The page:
Have you met someone you should have known, but didn’t remember? Authors, how do you feel about autographing books? 

Have a great weekend, everyone! 



  1. I am horrible at recognizing celebrities. Years ago, on separate occasions Richard Lewis and George Stephanopolus hit on me. They struck me as familiar but both completely flat lined with me. My being gay of course was yet another factor in the disinterest. As for signing books, something I’ve done barely a half dozen times, I feel pressure to perform i.e., write something pithy and witty. Unfirtunately this is when the croaking side if my inner Michigan J. Frog surfaces. That festival sounded great. I should make an effort to be less Manhattan-centric.


  2. I would love to be able to picture Elijah Wood, sitting in bed with a hot beverage on the nightstand, reading a book I had written! Very Cool. Have you seen any episodes of Wilfred? The first few episodes had me almost in tears laughing, but then it kind of got old.


    1. I hadn’t seen Wilfred, but your assessment is right on with the others I’ve read. There are quite a few shows like that, aren’t there? Maybe they should be one-time movies instead of a series.
      Hope you have a great weekend!


  3. And when you are the famous person buying books from newly published authors, there will be people scattered all about bragging to their friends that they have a signed copy of your first book. How exciting!


  4. No way!! That is so cool. Now I know why impersonators get away with it–celebs look a little bit different in person.
    Man, you were brave to sit out there, but it paid off!


  5. Great story! I think I’d love attending one of these book festivals. Funny that you mentioned Karen Thompson-Walker. I was thinking about some of my favorite books of the year the other day and for sure The Age of Miracles is one that has really stayed with me.


  6. I think book signing would be excruciating. Just reading your description of the first part of your day made me all squirmy and anxious. You must have been so relieved when people started showing up, Jackie! Have you done any book signings since? And did it get any easier? (Pretty cool, about EW!)


    1. It was definitely hard to sit at that table when no one was stopping by. But you know what was even harder for me? Talking about my book and why it was so great that people needed to buy it. But the day ended on a very positive note — I sold out of all my books and didn’t have to take one home. 🙂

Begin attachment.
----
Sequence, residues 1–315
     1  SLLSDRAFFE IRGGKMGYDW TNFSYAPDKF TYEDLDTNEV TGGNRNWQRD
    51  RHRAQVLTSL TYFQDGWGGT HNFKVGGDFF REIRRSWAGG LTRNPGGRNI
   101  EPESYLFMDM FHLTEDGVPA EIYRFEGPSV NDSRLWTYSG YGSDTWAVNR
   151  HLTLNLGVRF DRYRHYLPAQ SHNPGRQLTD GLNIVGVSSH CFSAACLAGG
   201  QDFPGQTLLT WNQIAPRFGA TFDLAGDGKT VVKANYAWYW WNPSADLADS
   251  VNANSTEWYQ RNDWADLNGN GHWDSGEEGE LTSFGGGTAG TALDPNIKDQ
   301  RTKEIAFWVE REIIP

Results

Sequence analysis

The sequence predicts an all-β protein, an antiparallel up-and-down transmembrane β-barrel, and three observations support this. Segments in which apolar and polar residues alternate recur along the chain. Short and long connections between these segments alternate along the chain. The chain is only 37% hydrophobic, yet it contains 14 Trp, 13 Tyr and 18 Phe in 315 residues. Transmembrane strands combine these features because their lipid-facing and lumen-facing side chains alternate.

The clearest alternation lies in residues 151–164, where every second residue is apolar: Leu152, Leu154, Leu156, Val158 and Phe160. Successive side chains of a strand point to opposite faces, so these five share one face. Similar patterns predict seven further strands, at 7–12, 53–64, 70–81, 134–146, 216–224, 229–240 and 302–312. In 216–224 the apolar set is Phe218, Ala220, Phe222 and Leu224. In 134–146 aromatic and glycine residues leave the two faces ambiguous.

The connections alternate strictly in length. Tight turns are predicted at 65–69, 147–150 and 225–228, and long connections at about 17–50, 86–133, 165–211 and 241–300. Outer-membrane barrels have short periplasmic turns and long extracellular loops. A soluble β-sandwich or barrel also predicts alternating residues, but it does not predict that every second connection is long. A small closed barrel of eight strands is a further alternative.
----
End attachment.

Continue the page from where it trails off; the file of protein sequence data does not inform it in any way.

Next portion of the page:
7. So hard to believe you don’t consider yourself a people person, Jackie. You seem soooooooo much so to me–to Sara, as well.

    At any rate the event sounds amazing. Gosh, how fun to be there, and to promote your own book. I love your autograph experience. Funny thing is, if I met almost any famous person, I wouldn’t recognize them, sunglasses or not.

    Hope you and Reggie have had a wonderful weekend!

    Hugs from Ecuador,


    1. That is so nice of you to say, Kathy. I usually run screaming from large crowds, especially if I have to do any sort of self-promotion. I think you and Sara are just so welcoming and inclusive, everyone feels immediately at ease.

      It’s not often that I recognize celebrities either — I usually have my nose in a book! 🙂

      Say hello to Sara for me. I hope your pigeon population is doing well!


  8. I’m not a people person, either, Jackie, so I can really relate — I’d have been totally out of my element. That said, lately I’ve forced myself to put on my people-person-persona and be more outgoing, though, and I’ve realized the more I do it the more outgoing I am. It’s kind of fun! (And Elijah Wood? THAT’S AWESOME that he’s read your book… although I’m not surprised. It’s a wonderful book!)


    1. I do have to encourage myself to get out there to events like this. It’s not that I don’t enjoy them. I’m just so out of my element I feel awkward. But I think we’ve both come a long way!


  9. OMG… I know I’m late to the party, but WHAT FUN that you were signing one of your books for Elijah Wood. I got goosebumps.

    And I have to say that 1) I am jealous that you were at this event and were privy to so many great speakers and books galore and 2) I really related to your thoughts: “These writers get up every morning and power up their computers and type words on a screen, just like I do. Rightly or wrongly, I think about the possibilities for me.” Yes, yes … when I go to a conference, I feel the SAME way, always buoyed for what could be!


    1. The book festival can be a bit overwhelming with all the booths and speakers, but it’s a lot of fun to walk around and take it all in. The possibilities are endless.
      Are you able to get to any book festivals in your neck of the woods?